Prognosis Good as Research Grows on New Cause of Foal Diarrhea

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Only weeks after making the preliminary identification that an entirely new rotavirus is responsible for the spate of diarrhea cases afflicting just-born foals this spring, researchers at the University of Kentucky's Maxwell H. Gluck Equine Research Center and the Veterinary Diagnostic Laboratory are in the process of fine-tuning a just-developed assay to differentiate this emerging threat from the better-recognized Rotavirus A first detected three decades ago.

This new strain has been dubbed Rotavirus B, and Dr. David Horohov, Gluck's director and the chairperson of the school's Department of Veterinary Science, told TDN Friday it is “likely, if not entirely, the cause for all the diarrheas we've been seeing.”

Horohov added that the prognosis is generally good for foals who have suffered through this new form of rotavirus during the first two to 14 days of their lives.

“Once you get the foal through the rough spot where it's having these difficulties, you can expect a sort of normal recovery and then normal growth by the foal,” Horohov said in a May 7 phone interview.

When diarrhea cases began mounting at central Kentucky's Thoroughbred farms in March, the Gluck team began to mobilize to better understand the extent and scope of this health threat, utilizing emergency funding to do so while also receiving financial support from the Kentucky Thoroughbred Owners and Breeders Foundation, the Grayson-Jockey Club Research Foundation, and Coolmore America.

Horohov said the initial identification was made by using a DNA sequencing technique called metagenomic analysis, which involves taking pool samples from numerous foals with diarrhea and examining the many genomes that are present to see if something familiar or different can be discerned. In this case, it was quickly determined that there was something genetically novel present.

The Gluck's diagnostic lab researchers then got to work, and within several weeks had developed a polymerase chain reaction test that would enable them to look at individual samples to determine if the new virus was present there.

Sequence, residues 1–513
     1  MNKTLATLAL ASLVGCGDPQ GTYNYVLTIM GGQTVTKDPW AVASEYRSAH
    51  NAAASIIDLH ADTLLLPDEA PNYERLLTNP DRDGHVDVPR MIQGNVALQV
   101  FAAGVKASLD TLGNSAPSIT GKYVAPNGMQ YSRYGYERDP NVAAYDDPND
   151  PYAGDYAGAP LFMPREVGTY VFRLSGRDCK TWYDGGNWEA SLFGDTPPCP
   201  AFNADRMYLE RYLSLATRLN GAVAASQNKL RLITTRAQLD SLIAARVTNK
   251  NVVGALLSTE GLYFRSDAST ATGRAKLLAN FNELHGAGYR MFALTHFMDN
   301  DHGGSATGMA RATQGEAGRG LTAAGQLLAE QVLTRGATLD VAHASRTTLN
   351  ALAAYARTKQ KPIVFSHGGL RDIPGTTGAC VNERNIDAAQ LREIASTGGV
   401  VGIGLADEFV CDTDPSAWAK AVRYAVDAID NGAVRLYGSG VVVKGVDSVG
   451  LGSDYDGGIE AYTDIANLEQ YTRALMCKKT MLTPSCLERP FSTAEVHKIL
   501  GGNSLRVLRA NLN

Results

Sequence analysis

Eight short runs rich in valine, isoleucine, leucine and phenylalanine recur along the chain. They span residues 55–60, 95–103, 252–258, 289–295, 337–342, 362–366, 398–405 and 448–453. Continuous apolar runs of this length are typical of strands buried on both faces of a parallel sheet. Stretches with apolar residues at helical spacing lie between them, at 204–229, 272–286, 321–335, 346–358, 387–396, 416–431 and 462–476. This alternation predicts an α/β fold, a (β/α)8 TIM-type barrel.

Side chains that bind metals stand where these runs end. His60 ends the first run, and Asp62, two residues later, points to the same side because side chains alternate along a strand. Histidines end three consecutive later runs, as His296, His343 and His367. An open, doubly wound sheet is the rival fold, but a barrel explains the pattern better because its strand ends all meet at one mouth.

“They've been sort of troubleshooting the assay and making it work, and right now we do have an assay that will allow us to identify the Rotavirus B,” Horohov said. “And it will differentiate it from the Rotavirus A so we know we're looking at the novel rotavirus.”

Horohov said that in preliminary studies of 43 individual samples collected from foals with a presumptive diagnosis of rotavirus-related diarrhea, 42 came back positive for Rotavirus B and the lone outlier was indeterminate.

“So it looks like the test is, in fact, accurate,” Horohov said. “They are doing some subsequent testing against known negatives and some other samples to make sure that it is exactly what we think it is. But based on that preliminary data, looking at a collection of samples from different farms, all of them foals with the same basic pattern, it's pretty clear that this is indeed the Rotavirus B that we are dealing with.”

As for the extent and trajectory of Rotavirus B in Kentucky right now, Horohov said that's difficult to pinpoint.

“We're having a relatively limited view of that right now because we're really only working with selected farms [that are providing the samples],” Horohov said. “We're not getting large numbers of samples coming into the diagnostic labs since the test isn't ready yet for use by the public, [so] we don't really have a way to monitor that.

“[But] word of mouth is that again, it's showing the pattern we saw before, where some farms were having a significant problem with it whereas other farms were either having minimal problems or, more importantly, those that took the steps to increase their biosecurity-including things like having the foals born outside and minimal handling of the foals-seem to have gotten a better handle on this,” Horohov said.

“There seems to be more control going on than there was [at the start of the outbreak],” Horohov said. “A lot of the farms, fortunately, seem to have found ways to reduce the problem.”

Horohov said the Gluck researchers also looked at whether the diarrhea outbreak might have been caused by a bacterial problem, but that “all of the data that we have right now indicates that is not the primary cause of this.”

Horohov said that the concern with Rotavirus B is “typical of any diarrheal disease. There's fluid loss associated with that. There's also a loss of ions. So the foals, particularly given their young age, rapidly become metabolically challenged by this. As a result of that, the therapy that's given to them is primarily supportive, and typically it's quite successful.”

Horohov summed up: “This is similar to what we saw originally when the Rotavirus A variant first appeared. We were seeing that going back into the 1990s. As long as you get the foals through this period and you replace that fluid loss and keep your ions in check, normally they come out of it okay. There is always a risk that you may have secondary issues that occur, [but] certainly these foals will be watched carefully to make sure none of those issues show up.”

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